A few years had passed and Peter was now a young father, a state that prompted him to do more to provide for his child. This is one of the major reasons that pushed him to volunteer in Kakuma.
‘Several months after sitting for my KCSE, I volunteered to teach ICT at the high school as I waited to get a job, a real job. This was before I found myself jobless and playing dominoes. So, you see, I still had it in me to follow my dreams. For those friends I used to play dominoes with, they too turned their lives around and signed up with the local institutes for vocational training. 6 of us are now working and providing for our families.
‘I joined Resilience Action International (RAI) as a volunteer in January 2020. At that time, there was no job advertisement or volunteer call from the organization. I just found myself applying for a job vacancy that didn’t exist yet.’
COVID-19 in Kenya forced him and the rest of his colleagues to work from home. During this time, he taught online classes on popular virtual spaces and followed up with his students’ progress until the return of in-person classes in October 2020. By this time, he was used to volunteering at RAI and things weren’t as tough as the first time.
‘I got used to the job, enjoyed it, and never got worried about payment. After all, teaching is my passion! I was patient because I knew, sooner or later, the time will come when I’ll secure a job and start earning. The entire year I volunteered at RAI; I never missed a single day nor did I ever take a sick leave considering I rarely fall sick. For this reason, I used to cover shifts for my colleagues whenever they were unwell or were unavailable.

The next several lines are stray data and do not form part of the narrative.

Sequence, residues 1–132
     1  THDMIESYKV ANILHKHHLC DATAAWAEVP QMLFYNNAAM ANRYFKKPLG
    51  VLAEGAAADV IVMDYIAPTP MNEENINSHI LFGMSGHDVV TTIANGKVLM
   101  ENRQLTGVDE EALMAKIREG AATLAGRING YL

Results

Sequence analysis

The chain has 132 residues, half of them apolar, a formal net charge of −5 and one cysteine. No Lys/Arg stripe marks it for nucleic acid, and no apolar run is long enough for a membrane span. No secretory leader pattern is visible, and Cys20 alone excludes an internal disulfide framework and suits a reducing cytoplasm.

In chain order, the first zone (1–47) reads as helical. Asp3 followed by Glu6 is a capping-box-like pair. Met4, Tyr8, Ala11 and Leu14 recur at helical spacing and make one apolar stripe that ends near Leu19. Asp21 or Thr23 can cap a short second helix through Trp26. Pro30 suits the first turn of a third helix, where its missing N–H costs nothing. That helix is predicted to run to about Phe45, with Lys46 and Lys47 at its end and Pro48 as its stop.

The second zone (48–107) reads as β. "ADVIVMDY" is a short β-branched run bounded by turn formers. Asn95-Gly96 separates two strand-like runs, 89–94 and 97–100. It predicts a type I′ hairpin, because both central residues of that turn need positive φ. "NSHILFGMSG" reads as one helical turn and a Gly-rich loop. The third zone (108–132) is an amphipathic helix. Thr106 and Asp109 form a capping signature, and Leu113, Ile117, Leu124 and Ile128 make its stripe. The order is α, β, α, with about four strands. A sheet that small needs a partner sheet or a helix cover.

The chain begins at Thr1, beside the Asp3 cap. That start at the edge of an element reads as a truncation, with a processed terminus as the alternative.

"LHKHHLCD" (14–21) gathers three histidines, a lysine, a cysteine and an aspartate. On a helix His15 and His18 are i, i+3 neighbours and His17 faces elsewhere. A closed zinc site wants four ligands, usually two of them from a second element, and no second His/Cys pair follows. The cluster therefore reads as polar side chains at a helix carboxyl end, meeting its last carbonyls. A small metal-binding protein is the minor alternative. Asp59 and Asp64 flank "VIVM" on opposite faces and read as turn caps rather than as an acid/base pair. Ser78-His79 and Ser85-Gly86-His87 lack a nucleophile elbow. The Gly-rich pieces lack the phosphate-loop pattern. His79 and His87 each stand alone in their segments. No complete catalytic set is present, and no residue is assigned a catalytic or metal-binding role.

‘Four months into volunteering, I almost gave up. Nonetheless, I decided not to leave teaching halfway. I saw I had come too far to just give up in the middle of everything. So, I just pulled my big boy pants up and committed to my cause for the next 8 months. I had the strong desire to complete what I had started. My volunteering experience at RAI was good. I was treated as one of the staff and socializing with everyone, including students was an amazing experience’
And true to his words, Peter completed 1 year of volunteer after which he signed an employment contract with RAI at the end of January 2021. He is now an English teacher at the RAI campus in Kakuma, Kenya. Besides, he’s not the only teacher in his family. One of Peter’s younger brothers is a teacher at a local secondary school within Kakuma Refugee Camp. Now, both of them serve as an inspiration to their siblings and friends.
'For those who want to volunteer, don’t do it to get paid or obtain monetary benefits. You should volunteer for knowledge. The whole year I was doing my internship, it wasn’t as terrible as I thought. I gained knowledge on a lot of things and added new experiences to my skills.'
'Take for example my task in handling computer duties in the ICT class. I had to print and scan documents, activities which I was never used to before. Even in teaching, I learned a lot. When you teach, it’s like reminding yourself the language you’ve learned and it puts your vocabulary into use.’